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Neil deGrasse Tyson And Jim Lovell On Failure, iPhones and Mars

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Astrophysicist Neil deGrasse Tyson

Astrophysicist Neil deGrasse Tyson in Chicago before receiving the Lincoln Leadership Prize from the The Abraham Lincoln Presidential Library Foundation March 9, 2017. The award was presented by Apollo 13 captain Jim Lovell.

Justin Bull

Astrophysicist, author and Director of the Hayden Planetarium Neil deGrasse Tyson was in Chicago last month to receive the Lincoln Leadership Prize from the The Abraham Lincoln Presidential Library Foundation. The award was presented by Captain Jim Lovell, who commanded NASA’s infamous Apollo 13 mission. On this episode of Nerdette, Tricia Bobeda interviews Tyson and Lovell about the history and future of space travel, why technology is sometimes a double-edged sword, and why failure is so essential to discovery.

Bobeda: How do we get over that idea that admitting when we don’t know something is a flaw?

Neil deGrasse Tyson: It goes way deeper than that. It’s not only admitting or celebrating when you don't know something, but also recognizing the value of failure. You want to be able to fail at something that has never been done before. You want to recognize that the day you never fail is the day you’re no longer on the frontier of anything. 

We should celebrate the experiment. And every scientist knows that most of the time, when you design your experiments, things go wrong. But the press, the journalists wait around for the experiment to come out perfectly. Then they write a whole article about it: “Look at this great discovery!” Well, what about the 20 other people who tried it and failed at it? How about the 20 other times that scientist tried it and failed? Where are those stories?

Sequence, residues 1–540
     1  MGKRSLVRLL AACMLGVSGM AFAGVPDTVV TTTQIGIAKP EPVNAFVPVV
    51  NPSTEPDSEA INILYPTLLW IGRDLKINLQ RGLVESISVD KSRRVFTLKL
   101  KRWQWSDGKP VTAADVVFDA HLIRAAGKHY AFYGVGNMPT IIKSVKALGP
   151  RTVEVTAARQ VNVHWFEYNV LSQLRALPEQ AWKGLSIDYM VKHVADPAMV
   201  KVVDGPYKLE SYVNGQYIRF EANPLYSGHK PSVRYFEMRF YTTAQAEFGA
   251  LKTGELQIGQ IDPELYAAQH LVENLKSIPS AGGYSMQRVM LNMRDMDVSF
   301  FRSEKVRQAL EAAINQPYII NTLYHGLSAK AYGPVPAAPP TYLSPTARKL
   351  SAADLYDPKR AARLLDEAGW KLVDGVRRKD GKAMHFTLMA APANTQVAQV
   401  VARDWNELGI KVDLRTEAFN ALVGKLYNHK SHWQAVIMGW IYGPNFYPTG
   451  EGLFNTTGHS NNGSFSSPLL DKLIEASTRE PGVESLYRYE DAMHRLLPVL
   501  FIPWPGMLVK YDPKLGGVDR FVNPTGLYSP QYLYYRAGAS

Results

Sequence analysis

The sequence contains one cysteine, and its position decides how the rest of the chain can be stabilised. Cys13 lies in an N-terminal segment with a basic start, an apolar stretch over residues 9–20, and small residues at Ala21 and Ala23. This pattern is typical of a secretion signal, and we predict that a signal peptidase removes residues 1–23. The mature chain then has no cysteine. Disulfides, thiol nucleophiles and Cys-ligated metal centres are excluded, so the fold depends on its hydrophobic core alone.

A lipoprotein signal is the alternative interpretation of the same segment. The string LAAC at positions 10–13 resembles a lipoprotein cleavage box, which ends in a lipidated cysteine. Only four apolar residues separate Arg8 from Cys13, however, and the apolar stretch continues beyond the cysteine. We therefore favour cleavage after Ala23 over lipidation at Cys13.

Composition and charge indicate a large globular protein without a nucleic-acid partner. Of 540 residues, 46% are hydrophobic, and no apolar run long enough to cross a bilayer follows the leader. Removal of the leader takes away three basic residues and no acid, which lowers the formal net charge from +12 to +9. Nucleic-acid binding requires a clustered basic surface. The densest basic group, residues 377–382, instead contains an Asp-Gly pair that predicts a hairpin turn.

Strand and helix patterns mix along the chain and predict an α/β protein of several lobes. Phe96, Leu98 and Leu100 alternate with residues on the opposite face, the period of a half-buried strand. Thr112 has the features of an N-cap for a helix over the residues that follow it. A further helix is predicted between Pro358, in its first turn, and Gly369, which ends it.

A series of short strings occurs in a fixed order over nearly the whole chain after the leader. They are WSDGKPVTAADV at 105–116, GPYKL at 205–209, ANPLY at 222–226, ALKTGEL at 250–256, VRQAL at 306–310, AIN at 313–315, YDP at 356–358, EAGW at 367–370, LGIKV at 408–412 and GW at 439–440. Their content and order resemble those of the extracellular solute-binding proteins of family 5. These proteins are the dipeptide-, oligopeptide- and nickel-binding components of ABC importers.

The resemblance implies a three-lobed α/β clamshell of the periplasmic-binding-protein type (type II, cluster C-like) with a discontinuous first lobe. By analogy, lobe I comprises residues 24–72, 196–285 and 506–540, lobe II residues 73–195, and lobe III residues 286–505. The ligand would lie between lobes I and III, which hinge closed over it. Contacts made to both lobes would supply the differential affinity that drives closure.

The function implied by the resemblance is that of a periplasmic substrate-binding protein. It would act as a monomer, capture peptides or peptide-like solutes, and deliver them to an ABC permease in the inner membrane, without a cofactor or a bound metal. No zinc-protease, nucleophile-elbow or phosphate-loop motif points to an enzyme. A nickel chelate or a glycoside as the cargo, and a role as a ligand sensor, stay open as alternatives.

Once that is understood, especially in the K-12 system, I think we will have a completely different country. A country where we have higher tolerance for experiment and recognizing that that itself is the path to discovery. 

Bobeda: That reminds me of the film Hidden Figures. The math was wrong over and over and over again until it was right. Are there ways to better make that science visible now, and to put a spotlight on not just the astronauts, but also the people behind the scenes doing the hard math and hard science?

Tyson: I have a slightly unorthodox view on that. What you’re saying, if I can reword your question: Should we all have more exposure to episodes such as that? Episodes in history -- in this case, American history during the golden age of space exploration -- so that going forward we will come to embrace it? 

And I’m saying: They didn’t have such exposure, yet they were doing it. Why? 

Because the country was involved in a major science and technological project. And you didn't need special programs trying to convince people that science was interesting, or that you should have more science teachers. That was happening on its own, because we were driven by this major mission of not only competition, especially with the Russians, but ultimately the mission to go to the Moon. 

So I submit to you that we can show old movies about how they used to do it all the time. But they didn’t need to see old movies about how they used to do it, they just did it. 

And I would assert that, in modern times, if we engaged in major -- what did they call them -- Sputnik-driven goals, that the United States can transform itself, once again, from a sleepy country to an innovation nation. 

And it’s an innovation nation that drives not only dreams and aspirations and what tomorrow will be, but it also represents the engines of tomorrow's economy. 

Apollo 13 captain Jim Lovell speaking with Neil deGrasse Tyson before presenting him with the Lincoln Leadership Prize on March 9, 2017, at the Hilton Chicago. (Justin Bull/WBEZ)

This interview has been edited for clarity and brevity. Click the ‘play’ button to listen to the entire episode.

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